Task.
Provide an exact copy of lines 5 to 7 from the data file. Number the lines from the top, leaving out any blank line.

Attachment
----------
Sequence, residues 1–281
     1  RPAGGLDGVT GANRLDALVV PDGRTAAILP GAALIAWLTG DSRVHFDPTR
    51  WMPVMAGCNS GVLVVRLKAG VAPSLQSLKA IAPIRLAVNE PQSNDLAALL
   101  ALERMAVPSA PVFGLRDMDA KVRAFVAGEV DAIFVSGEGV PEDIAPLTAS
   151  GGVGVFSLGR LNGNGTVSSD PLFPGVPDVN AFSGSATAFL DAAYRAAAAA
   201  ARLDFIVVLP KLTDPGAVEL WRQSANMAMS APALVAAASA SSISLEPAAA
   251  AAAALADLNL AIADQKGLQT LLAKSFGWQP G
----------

   151  GGVGVFSLGR LNGNGTVSSD PLFPGVPDVN AFSGSATAFL DAAYRAAAAA
   201  ARLDFIVVLP KLTDPGAVEL WRQSANMAMS APALVAAASA SSISLEPAAA
   251  AAAALADLNL AIADQKGLQT LLAKSFGWQP G